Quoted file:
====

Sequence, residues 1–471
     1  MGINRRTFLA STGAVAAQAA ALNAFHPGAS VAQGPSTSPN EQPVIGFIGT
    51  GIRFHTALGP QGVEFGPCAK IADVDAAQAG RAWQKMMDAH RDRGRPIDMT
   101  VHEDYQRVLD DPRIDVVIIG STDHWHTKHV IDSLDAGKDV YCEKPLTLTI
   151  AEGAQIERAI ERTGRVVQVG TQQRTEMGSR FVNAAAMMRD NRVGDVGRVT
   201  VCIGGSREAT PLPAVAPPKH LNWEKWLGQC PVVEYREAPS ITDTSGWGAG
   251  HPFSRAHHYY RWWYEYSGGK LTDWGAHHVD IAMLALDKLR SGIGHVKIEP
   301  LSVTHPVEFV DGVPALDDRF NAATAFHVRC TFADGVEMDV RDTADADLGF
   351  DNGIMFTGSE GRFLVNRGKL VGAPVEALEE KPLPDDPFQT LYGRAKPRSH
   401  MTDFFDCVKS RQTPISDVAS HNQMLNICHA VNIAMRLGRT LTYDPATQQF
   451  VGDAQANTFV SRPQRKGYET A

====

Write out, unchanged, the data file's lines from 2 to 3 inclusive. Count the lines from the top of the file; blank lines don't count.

     1  MGINRRTFLA STGAVAAQAA ALNAFHPGAS VAQGPSTSPN EQPVIGFIGT
    51  GIRFHTALGP QGVEFGPCAK IADVDAAQAG RAWQKMMDAH RDRGRPIDMT